Working life is tough when you're the primary carer for a baby. Leaving your precious newborn in care is heart wrenching, but an economic reality for many Kiwi families.
Parental leave has been in the news of late thanks to a bold move by Vodafone. The company's head office in the UK decided it would offer 16 weeks paid parental leave for the main caregiver for Vodafone workers worldwide. Vodafone will also offer the parent full pay for working a reduced 30-hour week for six months after return to work.
Vodafone estimates its move will save parents around $1800 in child care in the first six months back and allow the parent to spend an additional 240 hours with his or her child.
In the past 20 years according to Statistics New Zealand labour force participation by women here has increased from 54.5 per cent to 63.3 per cent . That shift has been helped by improvements to statutory parental leave.
Statutory paid parental leave increased to 16 weeks in New Zealand from April 1 this year, and will be extended to 18 weeks on April 1, 2016. However the IRD, not employers, make the payment capped at $504.10 a week, which is lower than many parents would have been earning.
Some companies, such as Vodafone and Coca Cola Amatil, continue to pay workers on parental leave from their own pockets, going above and beyond the statutory leave requirements for their working parents.
Launching the policy globally Vodafone Group's chief executive Vittorio Colao said too many talented women leave working life because they face a difficult choice between either caring for a newborn or maintaining their careers.
Family-friendly working conditions also help parents of young children. These measures don't need to cost a fortune. In a report on maternity policies the International Labour Organization (ILO) said family-friendly policies can be low cost. An example is offering office space where children can do their homework or other activities,
Coca Cola has family rooms in its New Zealand offices. National HR manager sales & marketing Louisa Buchanan has brought her pre-schooler Ruby into the office several times.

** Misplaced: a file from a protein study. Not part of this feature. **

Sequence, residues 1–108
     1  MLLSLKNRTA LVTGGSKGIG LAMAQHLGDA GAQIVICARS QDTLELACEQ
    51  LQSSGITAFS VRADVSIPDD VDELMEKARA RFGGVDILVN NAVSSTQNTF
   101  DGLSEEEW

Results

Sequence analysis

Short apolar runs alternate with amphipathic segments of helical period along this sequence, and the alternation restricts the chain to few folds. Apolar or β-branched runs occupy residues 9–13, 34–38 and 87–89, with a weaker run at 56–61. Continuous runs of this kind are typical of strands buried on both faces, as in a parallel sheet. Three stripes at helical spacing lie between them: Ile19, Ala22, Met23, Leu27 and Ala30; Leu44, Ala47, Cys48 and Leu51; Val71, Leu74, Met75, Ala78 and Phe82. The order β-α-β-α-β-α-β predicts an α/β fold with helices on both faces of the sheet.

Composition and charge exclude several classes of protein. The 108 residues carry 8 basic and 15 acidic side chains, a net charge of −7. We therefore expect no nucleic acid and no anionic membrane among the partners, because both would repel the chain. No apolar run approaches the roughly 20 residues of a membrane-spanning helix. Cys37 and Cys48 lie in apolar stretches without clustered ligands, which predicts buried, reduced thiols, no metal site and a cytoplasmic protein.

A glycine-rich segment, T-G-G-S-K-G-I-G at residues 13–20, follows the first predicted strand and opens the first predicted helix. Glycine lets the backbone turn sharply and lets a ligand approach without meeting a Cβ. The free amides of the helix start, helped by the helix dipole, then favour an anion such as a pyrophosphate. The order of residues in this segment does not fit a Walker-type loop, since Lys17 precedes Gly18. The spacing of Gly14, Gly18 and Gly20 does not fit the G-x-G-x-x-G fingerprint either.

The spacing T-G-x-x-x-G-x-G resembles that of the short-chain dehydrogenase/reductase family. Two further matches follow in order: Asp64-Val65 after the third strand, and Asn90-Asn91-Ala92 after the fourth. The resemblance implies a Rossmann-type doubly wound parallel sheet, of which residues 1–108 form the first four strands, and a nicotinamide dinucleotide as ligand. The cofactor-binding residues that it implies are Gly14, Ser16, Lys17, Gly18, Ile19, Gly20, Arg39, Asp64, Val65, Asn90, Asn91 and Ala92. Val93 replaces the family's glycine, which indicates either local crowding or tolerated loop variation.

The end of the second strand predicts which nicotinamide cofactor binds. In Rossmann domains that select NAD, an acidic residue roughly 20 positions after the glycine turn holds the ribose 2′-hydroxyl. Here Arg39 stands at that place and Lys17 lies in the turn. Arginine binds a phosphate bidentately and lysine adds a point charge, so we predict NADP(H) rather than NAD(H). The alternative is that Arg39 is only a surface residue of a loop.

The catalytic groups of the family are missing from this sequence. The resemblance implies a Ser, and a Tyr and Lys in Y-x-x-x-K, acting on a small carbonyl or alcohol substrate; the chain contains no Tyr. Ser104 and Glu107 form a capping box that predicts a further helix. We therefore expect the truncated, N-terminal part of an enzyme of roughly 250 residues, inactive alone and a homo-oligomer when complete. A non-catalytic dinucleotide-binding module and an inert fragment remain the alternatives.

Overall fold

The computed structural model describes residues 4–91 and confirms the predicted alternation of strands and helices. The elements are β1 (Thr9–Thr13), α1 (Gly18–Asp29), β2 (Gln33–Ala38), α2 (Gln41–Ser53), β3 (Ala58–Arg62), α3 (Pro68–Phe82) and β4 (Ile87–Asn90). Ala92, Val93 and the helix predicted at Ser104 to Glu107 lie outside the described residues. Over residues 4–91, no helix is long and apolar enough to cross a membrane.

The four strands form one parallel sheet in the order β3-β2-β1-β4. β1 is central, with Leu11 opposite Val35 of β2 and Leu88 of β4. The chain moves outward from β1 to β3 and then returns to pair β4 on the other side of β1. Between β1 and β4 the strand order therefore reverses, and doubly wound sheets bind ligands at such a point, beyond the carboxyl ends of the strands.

"I went on parental leave with her through Coke and took 11 months off." She was paid for the first six weeks at her ordinary rate and could accrue regular and long service leave while away. On return she was able to work part-time and use accrued holiday days to make up full-time pay.
What's more, Buchanan received pay rises and promotions while on parental leave, which meant she didn't fall behind male colleagues in pay and promotion parity. "[The policies] make Coke such a more attractive employer," she says. Her employer's family-friendly policies have kept Buchanan at the company.
Policies such as those of Coca Cola and Vodafone acknowledge it costs more to employ and train a replacement worker than it does to give paid parental leave and look for ways to support the parent back into work.
It's often perceived corporates such as Vodafone have bigger pockets and can afford generous parental leave policies. SMEs fear the time and costs will lead to competitive disadvantage, the ILO said.
The report noted there is emerging evidence that workplace parental leave measures can lead to, and sustain, positive enterprise-level outcomes in SMEs.
Equal Employment Opportunities Trust chief executive Bev Cassidy-Mackenzie says contrary to popular belief improved parental leave isn't just something for the larger organisations.
"We believe, what it really comes down to is a simple equation of not creating policies or developing initiatives because it 'seems like the right thing to do', but embracing diversity and making it part of business as usual because that is what you must do to stay competitive and relevant in New Zealand's ever changing market place with a looming labour shortage."
One SME that can see the light regarding parental leave is planning and environmental consultancy Andrew.Stewart Limited.
Staff on parental leave keep the tools they need to work remotely including laptops, mobiles, and access to the network. They are also included in company communications and events while on leave.
When parents go back to work their children are made welcome in the office.
Andrew.Stewart recognises the global skills shortage in its field and sees the need to support the needs of its existing workforce, co-founder Aaron Andrew says. Senior planner Rebecca Harrison had a 3-year-old when she was approached to work for Andrew.Stewart. She was asked "what would work for you?" "I worked flexible hours from the office and from home and the arrangement suited me perfectly," she says.
Research from the University of Sydney's Economics and Business faculty found businesses such as Westpac and Holden improved their retention rates after the introduction of paid maternity leave. The report cited United States research that found that women with access to paid leave worked later into pregnancy and returned sooner.
The ILO found that good parental leave policies also mitigated absenteeism, enhanced organisational commitment and staff motivation and improved relations among employees.
Vodafone's decision was based on a KPMG report that indicated the company could save $19 billion annually worldwide through offering 16 weeks of fully paid maternity leave.